took up a volume of Wordsworth and read 'The Ode to
Duty' and the 'Lines on the Departure of Sir Walter Scott
from Abbotsford for Naples,' letting his voice linger lovingly
on his favourite line :

' Wafting your charge to soft Parthenope.'


He read 'Rose Aylmer,' too, to the little group of friends
in the room — the group that was to hear him no more.
Christmas came on apace. On the Sunday before Christmas
Day he sat in the vestry and listened to part of the Cliristmas
Oratorio, and on Christmas Day itself he enjoyed the carols
sung by the choir-boys, who came to him in the early morn-
ing. That day he was present in church and assisted at the
Holy Communion, nor was he absent from the service on the
two following Sundays. He seemed decidedly better, and his
spirits rose accordingly. ' My doctors say I have got a dilated
heart — but your kindness has made it also a delighted one,'
he wrote to a friend, Mrs. Causton, who had just knitted
him a waistcoat — and one (as he announced with pride) that
the tailor called 'an almost perfect fit.' He liked to make
jokes about his heart. ' Although the doctor says my heart
is wrong, you shall always find it in the right place,' he said
(quoting his favourite Hood) to another friend, on New Year's

On January 5 he was allowed to travel to Darley Abbey.
Had he some vague premonition of the end ? Little things
seem to point to it. 'I am just now barred from all work
and exciting matters,' he writes from there, 'and am rest-
ing by my physician's orders as much as possible. I am
staying here with my widowed niece — the younger of the two
to whom I was long ago left guardian and who have been
to me as daughters.' These last words, sent, as they were,
to a stranger and from so reserved a man, are not without
significance ; and little chance expressions in other letters that
he wrote at this time convey a sense that just now he was
realising, with almost the acuteness of parting, the things that
had made life precious to him.

The first days of his stay went by peacefully, diversified by
country drives and undisturbed, save by his anxiety to pro-
vide preachers at the Temple.

* Do you know any " mute, inglorious " Hookers, whom I might
allow to air their fancies in that august arena ? ' he wrote to Mrs.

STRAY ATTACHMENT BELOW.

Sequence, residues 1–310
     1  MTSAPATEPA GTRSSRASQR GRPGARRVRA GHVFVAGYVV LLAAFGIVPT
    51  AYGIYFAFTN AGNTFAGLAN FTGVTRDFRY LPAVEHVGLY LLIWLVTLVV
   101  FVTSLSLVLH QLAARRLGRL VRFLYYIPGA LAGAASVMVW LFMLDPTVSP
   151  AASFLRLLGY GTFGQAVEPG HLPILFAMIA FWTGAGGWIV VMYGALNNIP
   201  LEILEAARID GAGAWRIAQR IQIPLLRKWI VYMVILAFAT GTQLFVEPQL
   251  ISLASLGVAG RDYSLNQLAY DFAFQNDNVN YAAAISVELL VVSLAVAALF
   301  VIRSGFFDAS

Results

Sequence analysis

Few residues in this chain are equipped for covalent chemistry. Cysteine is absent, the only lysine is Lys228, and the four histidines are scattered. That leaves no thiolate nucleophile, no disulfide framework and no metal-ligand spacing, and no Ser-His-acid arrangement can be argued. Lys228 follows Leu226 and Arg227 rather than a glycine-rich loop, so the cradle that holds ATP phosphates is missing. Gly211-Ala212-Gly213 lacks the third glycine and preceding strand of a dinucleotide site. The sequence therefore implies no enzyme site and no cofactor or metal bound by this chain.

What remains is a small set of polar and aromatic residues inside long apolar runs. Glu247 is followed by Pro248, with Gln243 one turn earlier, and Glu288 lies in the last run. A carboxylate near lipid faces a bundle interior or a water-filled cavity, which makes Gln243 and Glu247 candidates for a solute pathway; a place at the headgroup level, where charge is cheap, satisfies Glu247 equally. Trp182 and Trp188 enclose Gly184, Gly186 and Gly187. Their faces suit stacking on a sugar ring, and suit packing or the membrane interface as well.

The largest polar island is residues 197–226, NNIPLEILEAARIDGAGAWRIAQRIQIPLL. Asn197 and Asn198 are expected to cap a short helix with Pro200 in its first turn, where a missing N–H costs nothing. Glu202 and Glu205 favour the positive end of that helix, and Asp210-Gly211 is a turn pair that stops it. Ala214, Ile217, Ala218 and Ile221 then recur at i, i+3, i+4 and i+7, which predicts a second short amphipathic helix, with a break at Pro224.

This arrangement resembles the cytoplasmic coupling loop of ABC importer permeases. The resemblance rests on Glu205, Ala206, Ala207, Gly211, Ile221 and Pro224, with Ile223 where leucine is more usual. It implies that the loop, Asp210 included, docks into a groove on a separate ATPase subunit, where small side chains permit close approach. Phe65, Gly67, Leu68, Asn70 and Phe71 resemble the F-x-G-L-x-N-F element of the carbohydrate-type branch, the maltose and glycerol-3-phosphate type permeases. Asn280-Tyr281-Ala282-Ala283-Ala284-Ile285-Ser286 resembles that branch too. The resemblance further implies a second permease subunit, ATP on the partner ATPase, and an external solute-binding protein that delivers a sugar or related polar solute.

* Thomas Hood told a friend that the doctors said his heart was * hung too
low.' ' Never mind,' he added, 'yon shall always find it in the right place.'


Andrew Lang on January 10. 'I am thinking of doing Hood
for the Men of Letters Series — expanding for the purpose a
memoir I once prefixed to an edition of his Poems in the Evei-sley
Series. Did you ever read it .'' I ahnost think it is my best piece
of prose thus far.'

But he did not gain in strength.

' All your other news ' (he wrote to Walford Davies on January
12), 'as that of our boys taking part in the Bach Choir Chorus
was, you will believe, music to my ears. And indeed in every
success that you achieve, you have no warmer sympathisers and
rejoicers than the household of the " Master's House." ... As
for myself, I don't know of much change in my physical condi-
tion. After a past week of "physic," I am now to pass a fresh
week wUhotit any ! Which reminds me of the Irishman who fed
his pig one day, and starved it the next, in order to produce
"streaky" bacon. But I suppose there is some method in the
inscrutable ways of the medical profession. . . .'

On January 19, he read for the last time, to a girl who
was staying in the house and whom he did not want to dis-
appoint. He asked her to come close up to him so that she
might hear, and he read her Thackeray's 'Little Dinner at
Timmins's," with all his old spirit. That night he went up
to his room, never to come down again. He had caught a
severe chill, and the bad symptoms at the heart reasserted
themselves. On the evening of the 22nd he sent down a
message to his elder niece, asking her to go to him. When
she came he began to speak rather hurriedly ; he said that he
thought he should not live ; that he had no fear of death ;
that, although he knew all his faults, his faith upheld and
consoled him. 'My life," he added, 'has been happy, and
no one has had such friends as I have."" Of many of these he
talked with love and thankfulness, and he charged her with
special messages to them. After his first words he was calm
and collected, and he expressed very lucidly his wishes as to
certain matters of business. In the next few days he grew
worse, but he did not again allude to his death, excepting
once, not long before it happened, when, thinking that no


one heard him, he whispered, ' The end has come, the end
has come, I only stand and wait.'

' Well, nurse, you will have a very troublesome patient,'
was his greeting when the sick-nurse came, but he did not
fulfil his prediction. He was perfectly patient, even cheerful,